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How is it possible to create an efficient transport system in one of the most densely populated cities in the world? The 3rd Urban series features the city answering this question: Tokyo. When it comes to urban sustainability, “Tokyo’s pre-Olympic development rush extends to office towers, infrastructure, and new transit stations,” according to an article by But what are the secrets and the challenges to overcome in managing to transport more than 40 million people every day?


EFFICIENCY VERSUS POPULATION DENSITY discusses the Japanese Capital’s case, stressing that its success in being recognized as a model for transport efficiency is not a denial that the city experiences significant traffic congestion. Nevertheless, “the city has planned world-class pedestrian infrastructure with sound walls, frequent storefronts, and tons of placemaking. Plus, in places where pedestrians do interact with cars, motorists follow signage, the law, and human decency and yield to pedestrians. Motorists do not block intersections let alone crosswalks.”

This is partly cultural, but also significantly due to optimum strategic city planning. An article by CNN travel  describes this first class transport system, “Tokyo’s rail system is legendary. Super-fast, super-punctual, super-everything. Some 102 train lines, an estimated 14 billion passengers per year. By most measures, Tokyo should take first place on anyone’s list of best metros.”



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But the huge success in being efficient and clean has gained the public transportation system more users, which in turn carries the challenge of constantly having to optimize by adjusting to the growing demand. In this regard, the government is always monitoring new alternatives and solutions to avoid rush hour overwhelming the metro lines, among other means of transportation.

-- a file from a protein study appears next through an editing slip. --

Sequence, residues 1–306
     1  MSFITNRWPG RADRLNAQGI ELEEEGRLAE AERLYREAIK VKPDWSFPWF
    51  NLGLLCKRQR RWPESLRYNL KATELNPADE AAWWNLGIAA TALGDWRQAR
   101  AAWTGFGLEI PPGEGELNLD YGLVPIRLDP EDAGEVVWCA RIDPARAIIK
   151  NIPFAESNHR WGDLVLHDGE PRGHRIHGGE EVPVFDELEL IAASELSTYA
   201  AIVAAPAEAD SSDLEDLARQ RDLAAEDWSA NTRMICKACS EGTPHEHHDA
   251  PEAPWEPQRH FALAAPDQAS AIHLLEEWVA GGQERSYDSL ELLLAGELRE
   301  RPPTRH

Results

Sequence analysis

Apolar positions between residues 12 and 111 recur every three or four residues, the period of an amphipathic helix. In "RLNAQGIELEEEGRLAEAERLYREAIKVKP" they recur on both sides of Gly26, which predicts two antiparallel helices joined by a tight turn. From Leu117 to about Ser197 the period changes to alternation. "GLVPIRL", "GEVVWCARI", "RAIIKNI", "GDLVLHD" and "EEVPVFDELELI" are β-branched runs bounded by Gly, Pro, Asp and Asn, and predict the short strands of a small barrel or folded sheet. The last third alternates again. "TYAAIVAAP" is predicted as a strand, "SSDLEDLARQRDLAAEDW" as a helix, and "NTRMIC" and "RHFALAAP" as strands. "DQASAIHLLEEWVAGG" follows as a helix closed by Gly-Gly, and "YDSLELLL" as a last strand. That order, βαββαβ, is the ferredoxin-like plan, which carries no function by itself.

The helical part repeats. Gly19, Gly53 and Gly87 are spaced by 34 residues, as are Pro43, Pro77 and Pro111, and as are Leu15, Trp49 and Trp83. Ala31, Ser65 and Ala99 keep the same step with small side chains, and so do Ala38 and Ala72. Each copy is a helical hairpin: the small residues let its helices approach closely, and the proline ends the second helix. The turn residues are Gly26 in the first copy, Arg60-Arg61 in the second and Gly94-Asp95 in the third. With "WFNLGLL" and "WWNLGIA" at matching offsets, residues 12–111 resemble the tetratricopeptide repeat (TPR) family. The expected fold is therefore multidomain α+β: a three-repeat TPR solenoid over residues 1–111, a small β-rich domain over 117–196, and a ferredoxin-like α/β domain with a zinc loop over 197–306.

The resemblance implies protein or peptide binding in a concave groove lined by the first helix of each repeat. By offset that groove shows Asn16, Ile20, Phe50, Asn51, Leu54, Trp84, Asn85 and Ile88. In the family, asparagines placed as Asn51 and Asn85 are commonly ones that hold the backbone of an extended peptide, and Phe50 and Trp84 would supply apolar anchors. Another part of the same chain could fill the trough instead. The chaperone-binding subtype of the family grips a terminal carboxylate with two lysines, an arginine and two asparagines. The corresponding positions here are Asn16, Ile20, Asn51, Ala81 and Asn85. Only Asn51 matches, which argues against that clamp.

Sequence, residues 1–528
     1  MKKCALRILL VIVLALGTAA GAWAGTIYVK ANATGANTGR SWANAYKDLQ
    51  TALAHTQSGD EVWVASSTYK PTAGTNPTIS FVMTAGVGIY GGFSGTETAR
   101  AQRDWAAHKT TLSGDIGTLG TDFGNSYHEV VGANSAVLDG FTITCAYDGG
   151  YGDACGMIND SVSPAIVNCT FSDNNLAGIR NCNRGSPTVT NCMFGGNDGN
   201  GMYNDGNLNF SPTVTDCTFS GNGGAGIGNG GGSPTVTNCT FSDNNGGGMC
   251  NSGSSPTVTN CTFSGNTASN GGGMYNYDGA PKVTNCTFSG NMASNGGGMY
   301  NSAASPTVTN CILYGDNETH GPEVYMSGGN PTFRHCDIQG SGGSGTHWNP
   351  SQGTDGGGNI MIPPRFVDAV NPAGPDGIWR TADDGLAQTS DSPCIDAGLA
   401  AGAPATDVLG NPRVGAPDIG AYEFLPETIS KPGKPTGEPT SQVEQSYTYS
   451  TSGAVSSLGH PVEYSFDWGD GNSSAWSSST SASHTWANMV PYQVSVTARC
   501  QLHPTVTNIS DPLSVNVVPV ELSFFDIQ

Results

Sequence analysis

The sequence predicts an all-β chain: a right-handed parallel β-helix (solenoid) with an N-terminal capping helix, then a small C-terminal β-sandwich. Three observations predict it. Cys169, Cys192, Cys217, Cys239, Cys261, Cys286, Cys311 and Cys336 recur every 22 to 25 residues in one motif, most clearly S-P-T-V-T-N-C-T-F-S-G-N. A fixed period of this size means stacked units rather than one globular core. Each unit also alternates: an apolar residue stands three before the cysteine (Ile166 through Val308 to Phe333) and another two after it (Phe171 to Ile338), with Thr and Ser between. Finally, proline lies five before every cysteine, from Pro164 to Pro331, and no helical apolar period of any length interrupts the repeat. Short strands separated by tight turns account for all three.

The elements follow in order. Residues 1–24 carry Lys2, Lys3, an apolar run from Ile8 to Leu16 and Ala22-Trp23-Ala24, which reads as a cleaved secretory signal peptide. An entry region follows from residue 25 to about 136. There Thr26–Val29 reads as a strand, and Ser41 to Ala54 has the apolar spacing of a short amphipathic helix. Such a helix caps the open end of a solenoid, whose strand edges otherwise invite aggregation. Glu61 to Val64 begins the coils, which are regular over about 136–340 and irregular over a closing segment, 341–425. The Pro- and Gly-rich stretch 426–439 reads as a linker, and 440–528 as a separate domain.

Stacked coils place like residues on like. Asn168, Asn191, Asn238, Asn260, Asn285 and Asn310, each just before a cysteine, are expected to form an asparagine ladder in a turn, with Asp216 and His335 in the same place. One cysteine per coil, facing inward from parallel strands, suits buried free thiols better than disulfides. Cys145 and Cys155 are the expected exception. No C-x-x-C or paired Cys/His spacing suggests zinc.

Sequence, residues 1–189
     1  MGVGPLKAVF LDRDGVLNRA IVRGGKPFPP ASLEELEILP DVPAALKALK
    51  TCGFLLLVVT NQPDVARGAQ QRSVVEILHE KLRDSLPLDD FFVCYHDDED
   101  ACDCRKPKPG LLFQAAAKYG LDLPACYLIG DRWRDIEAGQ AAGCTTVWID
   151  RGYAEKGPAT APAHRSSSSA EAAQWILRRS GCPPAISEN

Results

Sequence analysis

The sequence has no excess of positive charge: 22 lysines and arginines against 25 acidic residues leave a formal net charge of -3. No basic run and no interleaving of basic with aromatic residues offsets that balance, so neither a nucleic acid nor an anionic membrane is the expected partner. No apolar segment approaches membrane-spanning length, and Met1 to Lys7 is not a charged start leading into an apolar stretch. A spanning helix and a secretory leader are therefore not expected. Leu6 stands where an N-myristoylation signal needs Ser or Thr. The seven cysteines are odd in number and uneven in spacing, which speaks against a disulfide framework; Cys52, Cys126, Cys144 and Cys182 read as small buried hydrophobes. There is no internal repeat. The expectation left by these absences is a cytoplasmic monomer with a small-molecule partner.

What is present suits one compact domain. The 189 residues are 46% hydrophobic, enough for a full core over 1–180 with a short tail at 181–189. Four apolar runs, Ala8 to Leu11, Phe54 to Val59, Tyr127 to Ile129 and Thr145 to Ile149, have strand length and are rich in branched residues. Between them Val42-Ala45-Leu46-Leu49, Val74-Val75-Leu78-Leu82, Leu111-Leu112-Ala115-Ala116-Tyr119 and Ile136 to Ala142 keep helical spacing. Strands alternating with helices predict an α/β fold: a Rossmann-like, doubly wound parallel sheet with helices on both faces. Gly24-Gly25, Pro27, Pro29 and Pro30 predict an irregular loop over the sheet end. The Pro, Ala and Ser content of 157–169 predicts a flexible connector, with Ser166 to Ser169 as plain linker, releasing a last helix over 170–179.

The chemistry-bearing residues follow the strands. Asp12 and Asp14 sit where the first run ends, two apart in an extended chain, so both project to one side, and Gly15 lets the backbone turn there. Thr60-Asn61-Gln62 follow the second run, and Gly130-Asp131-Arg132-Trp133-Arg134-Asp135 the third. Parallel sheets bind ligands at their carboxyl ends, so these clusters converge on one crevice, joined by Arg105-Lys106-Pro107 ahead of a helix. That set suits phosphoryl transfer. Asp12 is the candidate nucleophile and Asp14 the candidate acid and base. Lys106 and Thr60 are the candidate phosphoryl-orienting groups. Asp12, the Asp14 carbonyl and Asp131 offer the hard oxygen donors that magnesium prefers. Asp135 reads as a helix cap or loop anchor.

“Tokyo’s urban development sheds light on the successes and challenges urban areas have faced through the years. The evolution of the Tokyo Metropolitan Area is seen as an example of how urban centers could proceed to address people’s needs,” says Panmore Institute. It is important to maintain a high degree of flexibility when addressing new challenges, while remaining efficient in fulfilling the current needs of the population.

Accordingly, population remains the biggest and most important challenge the city faces. In economic terms, there is a high dependency on the capital. This translates into a huge responsibility for its infrastructure, as it must be safe enough to guarantee safety for the lives of citizens in case of a natural disaster.

In terms of transport, “the result of this high population is overcrowding. Tokyo’s roadways, pedestrian lanes, and other public spaces experience daily overcrowding as people flock to the area during peak hours,” says Panmore Institute.



Tokyo is also a great example that proves privatization of public services is not inherently bad. Curbed New York stresses that “if privatization looks anything like Tokyo, then it may not be so bad. In the Japanese metropolis, the city’s rail lines are run in tip-top shape by a handful of private companies.

If Tokyo leads the list of the most densely populated urban areas in the world, Mexico’s capital has also managed to rank into the Top 10. Nevertheless, instead of its public transport system being praised, Mexico takes the award for being the most congested city as its citizens take up to 66 percent percent more time to complete any distance due to traffic, according to Cabify’s Country Manager, Alejandro Sisniega. Are the solutions implemented in Tokyo applicable to Mexico City? It certainly seems to be worth a try.

To know more about the Urban Blog Series, go to Mexico Infrastructure & Sustainability Blog, and read about Medellin and Melbourne.


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